CPA underscored that Instagram is considered a social media platform, not an e-commerce one, adding that they are weekly inundated with reports and complaints regarding fraud or procrastination related to purchasing from such accounts.
Most of the accounts on Instagram require users to transfer the money to a personal bank account, registered under the names of individuals inside or outside Saudi Arabia. This entails a dispute between individuals and not a commercial one, making the process of retrieving the money complicated as it does not fall within the ambit of trade laws.
CPA said that the accounts on Instagram do not meet the e-commerce requirements imposed by the Ministry of Commerce. Most notably, it lacks e-payment options and does not display the commercial registry and tax number.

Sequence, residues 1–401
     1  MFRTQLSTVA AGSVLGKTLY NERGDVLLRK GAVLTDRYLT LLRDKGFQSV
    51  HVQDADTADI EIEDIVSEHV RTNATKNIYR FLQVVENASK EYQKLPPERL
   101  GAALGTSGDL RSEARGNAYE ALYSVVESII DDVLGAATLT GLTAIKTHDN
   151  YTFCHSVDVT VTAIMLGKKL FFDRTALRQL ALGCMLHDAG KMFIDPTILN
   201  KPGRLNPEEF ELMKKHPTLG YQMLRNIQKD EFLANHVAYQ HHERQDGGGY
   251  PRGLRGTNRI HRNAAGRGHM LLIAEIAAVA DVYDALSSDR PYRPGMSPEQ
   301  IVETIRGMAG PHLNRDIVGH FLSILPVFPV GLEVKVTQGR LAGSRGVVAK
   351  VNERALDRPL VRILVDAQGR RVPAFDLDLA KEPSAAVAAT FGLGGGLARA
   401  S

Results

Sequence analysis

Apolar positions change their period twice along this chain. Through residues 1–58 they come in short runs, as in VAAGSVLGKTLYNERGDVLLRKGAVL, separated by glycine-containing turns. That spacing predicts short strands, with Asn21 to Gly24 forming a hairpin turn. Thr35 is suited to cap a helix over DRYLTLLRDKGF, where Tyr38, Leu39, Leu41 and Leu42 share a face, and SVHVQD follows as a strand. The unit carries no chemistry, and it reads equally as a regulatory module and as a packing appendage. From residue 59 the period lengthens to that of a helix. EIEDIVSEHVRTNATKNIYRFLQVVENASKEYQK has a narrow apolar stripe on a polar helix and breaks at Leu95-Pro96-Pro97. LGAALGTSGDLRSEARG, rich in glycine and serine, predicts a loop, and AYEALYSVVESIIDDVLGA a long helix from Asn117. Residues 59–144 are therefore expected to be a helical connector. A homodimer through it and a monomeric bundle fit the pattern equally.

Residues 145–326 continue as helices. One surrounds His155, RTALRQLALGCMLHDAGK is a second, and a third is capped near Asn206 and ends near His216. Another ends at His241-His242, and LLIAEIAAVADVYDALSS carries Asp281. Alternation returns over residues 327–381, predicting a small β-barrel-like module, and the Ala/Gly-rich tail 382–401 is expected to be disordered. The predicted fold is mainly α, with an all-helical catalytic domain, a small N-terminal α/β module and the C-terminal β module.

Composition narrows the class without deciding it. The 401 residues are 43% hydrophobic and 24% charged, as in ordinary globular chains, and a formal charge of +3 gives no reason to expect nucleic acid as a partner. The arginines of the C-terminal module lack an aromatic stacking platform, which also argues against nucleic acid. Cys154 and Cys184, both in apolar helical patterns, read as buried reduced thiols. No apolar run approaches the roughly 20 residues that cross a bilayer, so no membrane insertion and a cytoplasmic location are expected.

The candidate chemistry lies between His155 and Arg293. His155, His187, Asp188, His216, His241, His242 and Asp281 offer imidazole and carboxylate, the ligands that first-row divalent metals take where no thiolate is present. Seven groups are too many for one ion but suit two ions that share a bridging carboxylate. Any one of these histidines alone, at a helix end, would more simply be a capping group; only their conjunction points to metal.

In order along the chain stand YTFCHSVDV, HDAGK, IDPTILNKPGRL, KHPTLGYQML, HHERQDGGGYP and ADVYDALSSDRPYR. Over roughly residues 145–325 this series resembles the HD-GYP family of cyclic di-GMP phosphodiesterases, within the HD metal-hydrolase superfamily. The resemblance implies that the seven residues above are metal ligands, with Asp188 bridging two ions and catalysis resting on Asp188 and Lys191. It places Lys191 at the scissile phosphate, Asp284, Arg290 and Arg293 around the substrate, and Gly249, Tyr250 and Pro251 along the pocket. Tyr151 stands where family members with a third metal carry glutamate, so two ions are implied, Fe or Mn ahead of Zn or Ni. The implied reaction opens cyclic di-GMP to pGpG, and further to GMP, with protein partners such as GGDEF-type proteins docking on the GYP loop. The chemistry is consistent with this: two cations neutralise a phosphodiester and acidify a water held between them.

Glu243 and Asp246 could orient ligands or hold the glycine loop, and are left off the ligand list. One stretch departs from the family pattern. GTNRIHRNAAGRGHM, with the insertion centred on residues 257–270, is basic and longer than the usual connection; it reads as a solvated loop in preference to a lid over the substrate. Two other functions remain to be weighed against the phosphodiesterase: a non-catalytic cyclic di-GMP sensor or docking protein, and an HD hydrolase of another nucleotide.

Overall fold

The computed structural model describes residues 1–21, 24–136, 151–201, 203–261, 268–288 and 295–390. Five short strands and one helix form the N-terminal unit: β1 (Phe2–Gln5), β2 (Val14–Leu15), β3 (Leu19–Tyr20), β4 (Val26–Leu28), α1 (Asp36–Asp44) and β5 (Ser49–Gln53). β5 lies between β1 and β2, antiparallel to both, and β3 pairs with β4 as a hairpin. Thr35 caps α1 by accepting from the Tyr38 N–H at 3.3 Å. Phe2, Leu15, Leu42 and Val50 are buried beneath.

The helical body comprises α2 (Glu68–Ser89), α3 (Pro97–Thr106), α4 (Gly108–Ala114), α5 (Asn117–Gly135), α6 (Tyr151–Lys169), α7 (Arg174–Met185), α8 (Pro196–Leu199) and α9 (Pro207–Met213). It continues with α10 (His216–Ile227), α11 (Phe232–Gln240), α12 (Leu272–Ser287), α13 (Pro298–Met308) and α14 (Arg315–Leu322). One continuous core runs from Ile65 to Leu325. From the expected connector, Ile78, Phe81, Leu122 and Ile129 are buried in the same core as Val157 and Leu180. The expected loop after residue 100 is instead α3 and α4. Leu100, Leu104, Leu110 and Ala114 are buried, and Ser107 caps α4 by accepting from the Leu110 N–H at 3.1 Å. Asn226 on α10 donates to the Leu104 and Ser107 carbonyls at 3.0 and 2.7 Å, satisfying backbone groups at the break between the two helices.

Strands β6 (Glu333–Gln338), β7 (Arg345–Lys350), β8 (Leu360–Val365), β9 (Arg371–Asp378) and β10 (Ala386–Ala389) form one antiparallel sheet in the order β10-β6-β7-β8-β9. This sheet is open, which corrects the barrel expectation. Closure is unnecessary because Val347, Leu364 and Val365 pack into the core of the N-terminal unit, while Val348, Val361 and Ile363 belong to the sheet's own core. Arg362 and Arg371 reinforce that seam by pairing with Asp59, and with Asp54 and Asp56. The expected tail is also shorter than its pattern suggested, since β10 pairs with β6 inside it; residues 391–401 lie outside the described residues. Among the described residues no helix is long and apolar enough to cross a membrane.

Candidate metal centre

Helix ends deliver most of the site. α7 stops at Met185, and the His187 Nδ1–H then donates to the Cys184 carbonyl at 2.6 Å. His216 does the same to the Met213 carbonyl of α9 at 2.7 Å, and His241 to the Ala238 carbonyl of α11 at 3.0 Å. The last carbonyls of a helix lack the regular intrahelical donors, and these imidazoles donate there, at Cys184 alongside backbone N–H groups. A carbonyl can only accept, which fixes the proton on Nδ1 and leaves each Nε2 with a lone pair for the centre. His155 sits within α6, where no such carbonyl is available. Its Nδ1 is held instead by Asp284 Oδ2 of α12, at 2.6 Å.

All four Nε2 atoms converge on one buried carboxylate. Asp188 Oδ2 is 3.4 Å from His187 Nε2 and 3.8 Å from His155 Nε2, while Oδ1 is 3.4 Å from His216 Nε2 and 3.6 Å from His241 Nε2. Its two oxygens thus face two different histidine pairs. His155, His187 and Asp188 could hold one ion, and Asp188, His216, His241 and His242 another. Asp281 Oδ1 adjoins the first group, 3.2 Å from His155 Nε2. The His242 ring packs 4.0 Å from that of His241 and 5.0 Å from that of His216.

Moreover, the absence of a clearly written policy for exchange and refund operations and a lack of affiliation with any registered establishment or companies in Saudi Arabia are also red flags.
The most Instagram-related complaints and reports monitored by CPA concern the purchase of clothes, abayas, e-games and recharge cards.
CPA urged consumers to verify the validity of the commercial register when purchasing from e-stores by inquiring from the Ministry of Commerce or through the inquiring service about an online store at the association. CPA offers a free service for all consumers in Saudi Arabia to ask about an e-store and check if the site is featured in the fraud data of CPA.
The possibility of fraud and the inability to recover money will be very high if the online store requests to transfer the purchase amount to a personal account inside or outside Saudi Arabia.
Complementary to this, if the store requests the customer to pay the amount via a WhatsApp link or other social media sites the possibility of fraud is high.